The Old Town is split into the European and Asian (Chinese and Arab) quarters by the Mas River, over which extends the Jembatan Merah, or Red Bridge. The Bridge is significant in the history of modern Indonesia. It was here that the Battle of Surabaya – the most important pro-independence struggle against Dutch and British re-occupying troops – was initiated in 1945, just weeks after Sukarno’s declaration of Indonesian Independence in the aftermath of the Second World War, and the Dutch colonial regime’s repudiation of this declaration. On 26th October, as a British Brigade Commander’s vehicle passed through the Jembatan Merah area, the vehicle was surrounded by Indonesian militia and in the ensuing skirmish, the Brigadier was hit and killed by a stray bullet. All out war ensued, with more than 6000 Indonesian resistance fighters losing their lives. They are commemorated by a Heroes Monument in the city and by a public holiday – Heroes Day – on 10th November, the day the war ended.

The facade of an old colonial trading house, by the Mas River.

Across the Red Bridge, the European Quarter begins in earnest, and stretches for a good eight kilometers to the suburb of Wonokromo, making Surabaya the city with one of the most extensive tracts of extant colonial architecture in Southeast Asia. It wasn’t that the locals loved their old colonial masters: the Dutch were universally loathed for having treated the Javanese as nothing more than slaves, subjecting them to centuries of cash-cropping that kept them impoverished and dependent. The fact was that with independence having brought no reprieve to poverty and to the entrenched class system in Javanese culture, there simply was no resources nor the will to demolish these buildings, and so they remained, re-occupied by banks, government institutions, and wealthy Javanese families – the inheritors of the Dutch colonial land-owning class.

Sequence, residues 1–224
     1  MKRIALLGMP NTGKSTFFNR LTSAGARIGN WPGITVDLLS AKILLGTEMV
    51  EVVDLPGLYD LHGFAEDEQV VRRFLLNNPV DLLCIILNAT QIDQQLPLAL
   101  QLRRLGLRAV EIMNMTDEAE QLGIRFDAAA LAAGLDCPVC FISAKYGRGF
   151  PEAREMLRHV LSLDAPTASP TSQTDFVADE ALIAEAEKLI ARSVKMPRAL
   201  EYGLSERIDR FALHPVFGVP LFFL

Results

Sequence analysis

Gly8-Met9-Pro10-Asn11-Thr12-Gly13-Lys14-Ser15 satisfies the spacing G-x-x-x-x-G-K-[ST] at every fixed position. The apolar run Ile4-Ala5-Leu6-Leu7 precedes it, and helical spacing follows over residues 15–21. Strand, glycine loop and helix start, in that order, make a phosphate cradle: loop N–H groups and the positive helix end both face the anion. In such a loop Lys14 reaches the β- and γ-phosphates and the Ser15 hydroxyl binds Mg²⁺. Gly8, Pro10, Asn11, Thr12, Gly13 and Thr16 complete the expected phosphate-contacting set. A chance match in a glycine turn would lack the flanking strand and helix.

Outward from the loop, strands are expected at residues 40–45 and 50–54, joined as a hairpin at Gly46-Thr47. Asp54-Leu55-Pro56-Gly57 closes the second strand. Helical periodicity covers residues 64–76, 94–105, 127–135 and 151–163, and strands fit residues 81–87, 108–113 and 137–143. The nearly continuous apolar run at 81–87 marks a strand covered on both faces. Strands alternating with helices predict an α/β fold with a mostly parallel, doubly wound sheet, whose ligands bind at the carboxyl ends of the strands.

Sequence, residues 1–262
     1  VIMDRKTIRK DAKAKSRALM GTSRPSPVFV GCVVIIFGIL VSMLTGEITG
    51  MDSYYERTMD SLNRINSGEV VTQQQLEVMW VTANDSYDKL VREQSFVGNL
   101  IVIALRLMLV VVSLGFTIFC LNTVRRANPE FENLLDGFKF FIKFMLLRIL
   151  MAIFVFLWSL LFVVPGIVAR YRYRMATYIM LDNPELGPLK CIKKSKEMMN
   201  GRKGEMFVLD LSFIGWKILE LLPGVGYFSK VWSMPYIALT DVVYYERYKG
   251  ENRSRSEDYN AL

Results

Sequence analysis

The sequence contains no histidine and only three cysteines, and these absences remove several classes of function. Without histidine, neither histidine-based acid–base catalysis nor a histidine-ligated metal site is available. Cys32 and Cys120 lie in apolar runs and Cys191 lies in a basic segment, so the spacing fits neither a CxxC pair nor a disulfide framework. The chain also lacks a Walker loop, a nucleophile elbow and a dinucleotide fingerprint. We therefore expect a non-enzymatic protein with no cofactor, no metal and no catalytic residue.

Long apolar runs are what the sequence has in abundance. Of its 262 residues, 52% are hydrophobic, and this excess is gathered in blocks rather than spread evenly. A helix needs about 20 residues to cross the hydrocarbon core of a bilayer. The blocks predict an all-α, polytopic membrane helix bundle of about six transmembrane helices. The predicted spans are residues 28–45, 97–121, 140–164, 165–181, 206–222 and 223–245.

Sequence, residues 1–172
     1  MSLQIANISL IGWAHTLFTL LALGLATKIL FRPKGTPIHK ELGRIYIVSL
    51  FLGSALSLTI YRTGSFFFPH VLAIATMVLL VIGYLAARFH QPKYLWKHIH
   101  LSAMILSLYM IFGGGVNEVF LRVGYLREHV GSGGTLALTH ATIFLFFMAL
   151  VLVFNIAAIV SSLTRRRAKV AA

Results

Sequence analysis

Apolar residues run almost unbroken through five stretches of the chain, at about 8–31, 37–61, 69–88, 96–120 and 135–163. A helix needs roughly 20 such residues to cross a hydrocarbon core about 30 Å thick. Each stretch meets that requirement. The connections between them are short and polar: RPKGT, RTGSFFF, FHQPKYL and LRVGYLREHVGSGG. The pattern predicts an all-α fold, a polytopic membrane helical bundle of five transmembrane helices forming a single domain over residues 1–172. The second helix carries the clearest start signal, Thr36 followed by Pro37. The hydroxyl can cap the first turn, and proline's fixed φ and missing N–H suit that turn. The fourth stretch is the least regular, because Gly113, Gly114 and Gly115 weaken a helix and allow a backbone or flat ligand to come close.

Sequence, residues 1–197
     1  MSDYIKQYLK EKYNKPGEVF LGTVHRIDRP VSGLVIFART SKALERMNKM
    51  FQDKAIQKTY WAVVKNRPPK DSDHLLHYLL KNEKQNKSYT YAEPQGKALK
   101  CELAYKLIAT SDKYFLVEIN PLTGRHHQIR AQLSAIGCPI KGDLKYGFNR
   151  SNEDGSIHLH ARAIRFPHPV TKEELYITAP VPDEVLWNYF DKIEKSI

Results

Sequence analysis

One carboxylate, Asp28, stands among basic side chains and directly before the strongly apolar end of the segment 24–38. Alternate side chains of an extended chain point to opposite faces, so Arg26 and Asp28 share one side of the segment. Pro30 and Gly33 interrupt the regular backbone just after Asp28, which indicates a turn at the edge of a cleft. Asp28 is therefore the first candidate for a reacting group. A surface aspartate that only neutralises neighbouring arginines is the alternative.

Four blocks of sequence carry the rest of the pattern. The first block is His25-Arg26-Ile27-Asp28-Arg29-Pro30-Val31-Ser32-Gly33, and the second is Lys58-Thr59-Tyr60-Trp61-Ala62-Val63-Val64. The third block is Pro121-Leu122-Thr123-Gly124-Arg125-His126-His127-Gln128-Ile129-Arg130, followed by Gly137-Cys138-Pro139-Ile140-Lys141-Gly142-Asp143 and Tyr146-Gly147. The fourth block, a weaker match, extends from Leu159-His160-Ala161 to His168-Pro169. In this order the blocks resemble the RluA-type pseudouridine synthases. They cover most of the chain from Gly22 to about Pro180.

The most impressive instances of colonial architecture occur along Jalan Rajawwali, by the banks of the Mas River. Here sit the headquarters of old trading and merchant houses – the Dutch were after all, a nation of merchants, and there is a cleanness and no-nonsense functionality to the architecture here that distinguishes it from the more ornate English, Spanish or French colonial tradition elsewhere in Southeast Asia. Many of the buildings here, however, have not aged well and are in dire need of restoration. A large expanse of colonial-era villas had also been cleared very recently to make way for a spanking new mall – the Jembatan Merah Plaza.

The facade of the House of Sampoerna, with the Chinese character for “King” atop its roof.

Nonetheless, one significant villa in the vicinity still stands and has been restored to its former glory. This is the House of Sampoerna, named after Indonesia’s biggest cigarette brand, and once a factory and private domicile of the Chinese magnate that founded the company. Chinese-Indonesian Liem Seeng Tee, whose family name would be Indo-ised to Sampoerna in the ‘60s, bought and restored this Dutch colonial mansion in the early 20th century, embellishing it with stained glass windows that brandish the Chinese character for his family name – 林 – alongside the Chinese character for “King” – 王 – demonstrating an unabashed self-consciousness of his own wealth, power and influence. The house is a free museum today, accompanied by a delightful restaurant, and offering free bus tours of the City. I opted, however, to take a long, leisurely walk down the broad, tree-lined motorways, south of the Red Bridge towards the downtown core of Tunjungan.

Dutch colonial-style bungalow in the Tunjungan area.